- He had wasted £130000. The barons who had financed the campaign were angry about the money he had lost and their revenues in France.
- Philip II had defeated buth the Angevins and the Holy Roman Empire, making them the most powerful nation in Europe.
- Perhaps led to the baron's rebellion and the Magna Carter.
The rebellion of 1215
Causes - John's high demands, use of arbitary power, and loss of Nomandy in October 1214.
In January 1215 John met with the rebels in London and refused thier demands. John also refused the demands sent in April, hoping for more time in which the pope could take his side.
Events - On May 5 1215, rebel barons broke their oath of fealty to John and marched on Northampton led by Fitz Walter. They failed to take the town but marched to London and took control of Norfolk, Suffolk and Lincoln. By 17 May rebels gained control of London and its financial resources. By June around 39 barons out of 165 rebelled against John.
Consequences - Especially after losing London with much revenue that would have helped quash the rebellion, John was forced to sign the Magna Carter.
The Magna Carter
- Money - the barons were in debt due to the unfair taxes
- Power - Few barons were consulted before John made decisions as he relied on a small number of "new men".
- Behaviour - John treated some very cruelly and made baron's widows marry men of his choice and was accused of trying to reduces some baron's wives and daughters.
- Justice - John had almost total control of justice and was accused of using arbitary power to benefit himself. His punishments were often unfair and he was accuesed of selling justice.
Events - The Magna Carter was sealed at Runnymede, Surrey, on 15 June 1215.
Consequences - (provisions of the Magna Carta)
Main provisions of Magna Carta
- English church set free
- Inheritance fines set at £100
- Not have to pay a coming of age fine to recieve lands
- Widow does not have to pay to inherit her lands and can have them all at once
- Scutage and aid only raised with the agreement of the barons
- For freemen, fines only levied in poportion to the seriusness of the crime
- Barons only fined after the trial and in proportion to the crime committed
- No freeman could be arrested, imprisoned or have his lands confiscated without the hearing of a fair trial with his peers
- The king could not sell, delay or deny justice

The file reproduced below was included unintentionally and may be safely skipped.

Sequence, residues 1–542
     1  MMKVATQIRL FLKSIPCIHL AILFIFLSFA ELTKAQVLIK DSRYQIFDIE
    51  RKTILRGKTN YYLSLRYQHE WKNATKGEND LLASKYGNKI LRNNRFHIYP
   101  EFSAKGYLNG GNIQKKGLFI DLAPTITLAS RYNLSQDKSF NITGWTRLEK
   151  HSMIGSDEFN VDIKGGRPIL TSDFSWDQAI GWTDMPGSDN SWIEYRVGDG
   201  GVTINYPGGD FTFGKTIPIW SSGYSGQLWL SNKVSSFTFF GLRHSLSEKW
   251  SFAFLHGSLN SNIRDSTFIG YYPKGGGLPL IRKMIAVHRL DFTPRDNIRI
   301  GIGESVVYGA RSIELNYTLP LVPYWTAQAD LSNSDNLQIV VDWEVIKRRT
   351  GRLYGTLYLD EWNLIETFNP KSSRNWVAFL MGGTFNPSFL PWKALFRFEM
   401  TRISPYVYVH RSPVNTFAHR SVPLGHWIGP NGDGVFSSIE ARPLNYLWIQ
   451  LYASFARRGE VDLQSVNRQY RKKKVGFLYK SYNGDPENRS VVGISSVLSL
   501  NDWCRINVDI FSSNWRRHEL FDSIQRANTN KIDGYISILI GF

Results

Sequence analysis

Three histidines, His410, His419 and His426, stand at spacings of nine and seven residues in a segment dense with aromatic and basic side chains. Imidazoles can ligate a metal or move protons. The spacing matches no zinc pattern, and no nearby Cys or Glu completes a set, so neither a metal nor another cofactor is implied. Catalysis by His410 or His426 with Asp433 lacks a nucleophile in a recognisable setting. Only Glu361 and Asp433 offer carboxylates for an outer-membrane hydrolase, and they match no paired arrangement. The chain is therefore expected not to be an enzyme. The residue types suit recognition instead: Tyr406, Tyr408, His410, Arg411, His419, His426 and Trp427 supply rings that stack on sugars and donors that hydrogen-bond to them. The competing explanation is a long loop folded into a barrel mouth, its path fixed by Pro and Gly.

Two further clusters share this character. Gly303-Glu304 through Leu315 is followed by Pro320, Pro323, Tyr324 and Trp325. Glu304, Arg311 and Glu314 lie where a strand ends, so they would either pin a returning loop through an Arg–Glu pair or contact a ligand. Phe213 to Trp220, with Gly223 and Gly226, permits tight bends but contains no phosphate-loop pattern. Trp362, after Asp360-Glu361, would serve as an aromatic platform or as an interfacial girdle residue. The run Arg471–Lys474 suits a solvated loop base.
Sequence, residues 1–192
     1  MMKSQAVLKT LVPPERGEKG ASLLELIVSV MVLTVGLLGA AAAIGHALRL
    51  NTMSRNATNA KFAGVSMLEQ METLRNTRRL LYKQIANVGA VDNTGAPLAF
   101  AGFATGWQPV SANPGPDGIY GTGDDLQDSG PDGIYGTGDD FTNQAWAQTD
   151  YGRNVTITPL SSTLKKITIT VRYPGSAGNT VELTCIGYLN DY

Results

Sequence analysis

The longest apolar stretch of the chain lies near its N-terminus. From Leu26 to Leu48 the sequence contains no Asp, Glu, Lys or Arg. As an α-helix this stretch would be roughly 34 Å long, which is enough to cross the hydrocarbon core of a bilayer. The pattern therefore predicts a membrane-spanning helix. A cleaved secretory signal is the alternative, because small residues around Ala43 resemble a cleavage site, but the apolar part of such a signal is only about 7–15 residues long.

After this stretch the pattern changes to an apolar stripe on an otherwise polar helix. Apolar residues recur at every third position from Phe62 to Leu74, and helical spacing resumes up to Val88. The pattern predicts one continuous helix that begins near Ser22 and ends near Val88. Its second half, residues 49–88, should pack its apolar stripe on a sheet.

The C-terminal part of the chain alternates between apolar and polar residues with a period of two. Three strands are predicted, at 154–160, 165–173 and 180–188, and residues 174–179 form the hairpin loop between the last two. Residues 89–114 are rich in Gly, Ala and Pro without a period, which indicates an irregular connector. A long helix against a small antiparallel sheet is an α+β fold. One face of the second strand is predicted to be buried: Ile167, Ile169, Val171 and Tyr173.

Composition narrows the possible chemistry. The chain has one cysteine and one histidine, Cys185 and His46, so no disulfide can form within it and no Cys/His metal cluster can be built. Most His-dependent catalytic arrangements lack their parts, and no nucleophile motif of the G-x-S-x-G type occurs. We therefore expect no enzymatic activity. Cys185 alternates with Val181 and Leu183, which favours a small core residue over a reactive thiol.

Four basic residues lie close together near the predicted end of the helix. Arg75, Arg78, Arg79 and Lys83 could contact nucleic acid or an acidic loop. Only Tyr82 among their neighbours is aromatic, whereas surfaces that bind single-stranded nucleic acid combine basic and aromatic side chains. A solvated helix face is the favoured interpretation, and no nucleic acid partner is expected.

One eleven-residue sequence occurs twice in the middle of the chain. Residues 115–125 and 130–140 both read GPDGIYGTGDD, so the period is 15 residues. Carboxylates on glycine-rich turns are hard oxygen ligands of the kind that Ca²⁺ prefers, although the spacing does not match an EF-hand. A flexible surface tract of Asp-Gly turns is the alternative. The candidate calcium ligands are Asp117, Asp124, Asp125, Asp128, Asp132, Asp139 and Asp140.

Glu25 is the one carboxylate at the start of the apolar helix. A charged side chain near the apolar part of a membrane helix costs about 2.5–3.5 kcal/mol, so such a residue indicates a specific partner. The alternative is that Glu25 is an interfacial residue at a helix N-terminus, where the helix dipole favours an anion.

- All have their unfairly confiscated lands returned
- A coucil of 25 barons, chosen by the barons, set up to advise the king. If he refuses, his possessions and land can be confiscated
The Third Crusade
Causes - By 1095 the Muslims Seljuk Turks had taken over the Holy Land and the pope claimed that Muslims were being persecuted and prevented them from visiting, this resulted in the first crusade. However, by 1144 Muslim forces took back parts of Edessa, leading to the second crusade.
By October 1187 Jerusalem was back under Muslim control. On 29 October 1187 Pope Gregory VIII issued a papal bull describling horrible attacks on Christians by Muslims and calling a Third Crusade to take back Jerusalem. He offered a full indulgence to those who went.
- The treaty of Jaffa
- Increased rivalry with Philip
- Richard being captured
Why people went on crusade
Soldiers, knights, churchmen, priests and civilians motives:
- Did not have to pay the Saladin tithe and all debts would be cancelled.
- There would be opportunity to gain wealth and land.
- The 800 professional soldiers who went were paid.
- The Pope had promised full indulgence and it was viewed as a religious duty.
- Were told of Muslim atrocoties and viewed Jerusalem the most sacred of all Chirstian sites.
- To win glory and respect for themselves and their family.
- To complete their Knight service and fulfill their duty to their lord.
- To take revenge on the Muslims who had taken Jerusalem and killed Christians.
- He was religious and believed it was his Christian duty.
- He as a great soldier with militay experience and believed it was his chance for honour and glory.
- He had the necessary resources.
- His great grandfather had been king of Jerusalem.
Richard's quarrels with Philip II